Immunology, Serology, Virology, Microbial Genetics, Parasitology, Bacteriology, Mycology, Molecular, Cell Biology, Agricultural, Water,Soil, Food Industrial ,Pharmaceutical, Applied, Environmental, Clinical, Medical,Marine Microbiology, Microbial Systematics, Etc, are & many types of Microbiology.
Rushikesh
study of fungi is called mycology
Munna
Mycology is the branch of Microbiology which deals with scientific study of Fungi.
Rushikesh
Study of microorganisms,which we can't see with our naked eye is called microbiology
Munna
Mycology is the scientific study of Fungi.
Enoch
virology is the study of viruses
Oppah
what is microbiology? microbiology is the study of small microorganisms that we can not with our naked eyes.
Leticia
what is taxonomical classification of microbiology
Bami
The algae, protozoa, slime moulds, fungi, bacteria, archaea and viruses ,are taxonomic classification of Microorganisms
Rushikesh
We have Bacteria, Archaea, Protozoa, Algae, Fungi, Viruses.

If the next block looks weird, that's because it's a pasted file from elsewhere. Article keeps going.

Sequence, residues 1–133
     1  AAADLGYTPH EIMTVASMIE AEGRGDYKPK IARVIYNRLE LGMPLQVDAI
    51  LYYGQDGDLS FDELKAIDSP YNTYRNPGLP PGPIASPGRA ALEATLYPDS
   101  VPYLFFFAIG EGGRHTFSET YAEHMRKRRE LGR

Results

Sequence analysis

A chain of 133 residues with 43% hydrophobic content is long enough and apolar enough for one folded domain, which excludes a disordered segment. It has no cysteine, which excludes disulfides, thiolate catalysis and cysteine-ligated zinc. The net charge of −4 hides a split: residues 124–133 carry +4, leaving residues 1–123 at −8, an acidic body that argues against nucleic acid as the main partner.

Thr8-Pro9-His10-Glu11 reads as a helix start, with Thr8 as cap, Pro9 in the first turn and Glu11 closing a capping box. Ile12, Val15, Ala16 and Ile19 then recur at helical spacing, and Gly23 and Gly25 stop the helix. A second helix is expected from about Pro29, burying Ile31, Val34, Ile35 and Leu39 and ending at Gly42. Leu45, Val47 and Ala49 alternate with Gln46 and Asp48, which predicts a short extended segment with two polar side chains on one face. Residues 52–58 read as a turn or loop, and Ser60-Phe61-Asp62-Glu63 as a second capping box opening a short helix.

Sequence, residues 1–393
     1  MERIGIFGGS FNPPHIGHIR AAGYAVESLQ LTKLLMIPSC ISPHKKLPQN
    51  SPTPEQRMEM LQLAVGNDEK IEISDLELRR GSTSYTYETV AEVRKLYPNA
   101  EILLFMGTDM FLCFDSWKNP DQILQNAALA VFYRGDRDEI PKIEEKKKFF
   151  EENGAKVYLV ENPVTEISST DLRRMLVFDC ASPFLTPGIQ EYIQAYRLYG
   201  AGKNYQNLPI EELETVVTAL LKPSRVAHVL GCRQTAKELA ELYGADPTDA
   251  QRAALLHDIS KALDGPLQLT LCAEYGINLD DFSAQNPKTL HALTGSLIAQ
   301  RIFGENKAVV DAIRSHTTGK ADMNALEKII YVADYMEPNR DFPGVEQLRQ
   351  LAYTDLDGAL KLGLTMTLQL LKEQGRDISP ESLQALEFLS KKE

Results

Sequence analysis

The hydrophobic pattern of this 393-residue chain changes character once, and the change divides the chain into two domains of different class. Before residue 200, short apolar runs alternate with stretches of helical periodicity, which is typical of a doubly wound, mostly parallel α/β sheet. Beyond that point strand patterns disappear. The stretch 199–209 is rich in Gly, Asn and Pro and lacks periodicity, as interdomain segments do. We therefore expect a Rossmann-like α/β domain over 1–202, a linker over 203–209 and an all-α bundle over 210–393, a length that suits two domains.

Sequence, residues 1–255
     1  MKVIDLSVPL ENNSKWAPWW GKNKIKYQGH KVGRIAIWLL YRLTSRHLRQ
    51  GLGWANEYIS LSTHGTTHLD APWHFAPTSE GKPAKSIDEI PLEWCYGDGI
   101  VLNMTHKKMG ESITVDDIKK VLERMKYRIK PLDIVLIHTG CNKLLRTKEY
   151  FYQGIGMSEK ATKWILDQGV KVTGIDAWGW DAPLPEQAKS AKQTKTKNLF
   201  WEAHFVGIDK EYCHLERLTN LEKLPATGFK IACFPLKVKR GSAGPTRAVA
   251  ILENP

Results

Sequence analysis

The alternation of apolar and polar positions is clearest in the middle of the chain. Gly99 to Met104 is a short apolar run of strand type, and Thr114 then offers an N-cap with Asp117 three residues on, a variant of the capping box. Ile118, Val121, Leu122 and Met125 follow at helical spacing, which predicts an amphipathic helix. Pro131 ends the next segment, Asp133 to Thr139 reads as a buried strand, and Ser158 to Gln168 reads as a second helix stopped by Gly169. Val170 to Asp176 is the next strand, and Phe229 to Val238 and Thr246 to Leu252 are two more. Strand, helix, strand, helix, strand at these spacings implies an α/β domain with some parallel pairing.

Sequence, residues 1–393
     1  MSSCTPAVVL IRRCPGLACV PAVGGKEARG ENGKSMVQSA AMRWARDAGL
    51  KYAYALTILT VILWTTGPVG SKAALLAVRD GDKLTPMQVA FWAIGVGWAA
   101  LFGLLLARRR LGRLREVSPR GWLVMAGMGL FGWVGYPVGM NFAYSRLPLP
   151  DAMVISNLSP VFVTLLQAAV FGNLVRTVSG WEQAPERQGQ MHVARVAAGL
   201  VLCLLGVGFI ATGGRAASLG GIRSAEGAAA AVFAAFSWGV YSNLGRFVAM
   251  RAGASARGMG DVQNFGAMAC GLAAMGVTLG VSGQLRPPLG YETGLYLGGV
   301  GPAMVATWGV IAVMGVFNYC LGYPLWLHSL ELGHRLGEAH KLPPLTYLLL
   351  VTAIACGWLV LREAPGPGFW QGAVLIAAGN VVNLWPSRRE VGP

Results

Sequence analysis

Enoch
microbiology is the study of microbes too small to be seen by naked eyes
Maridad
microbiology is a branch of biology which deals with study of smallest living microrganisms such as bacteria protozoa fungi and viruses
Chaitra
microbiology is the study of microorganisms which can't be seen by our naked eyes
Nakaweesi
Micro - Minute Bio - Life Logus - Study
Roshan
what is the meaning of antimicrobial susceptibility testing
Devshree Reply
seven gram positive bacteria
Okocha Reply
seven examples of gram negative bacteria
Okocha
seven examples of gram negative bacteria
Okocha
Physical conditions that would enable selective Isolation of staphylococcus epidermis
shongile Reply
Nutritional requirements that would enable selective Isolation of staphylococcus epidermis
shongile
Nutritional requirements that would enable selective Isolation of staphylococcus epidermis
shongile
what is constant flux but
Jane Reply
Digestion of food is completed in __
Amina Reply
Small Intestine
Enoch
large inteatine
Abdiwali
small intestine
Betelhem
Small intestine
Abdirisaq
small intestine
Marah
small intestine specific in illum
Mariam
difference btwn hausteria and appears
Raviha Reply
numerical and molecular taxanomy
Dhanshri Reply
difference btwn hausteria and appesorium
Raviha
Practice MCQ 3

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Source:  OpenStax, Microbiology. OpenStax CNX. Nov 01, 2016 Download for free at http://cnx.org/content/col12087/1.4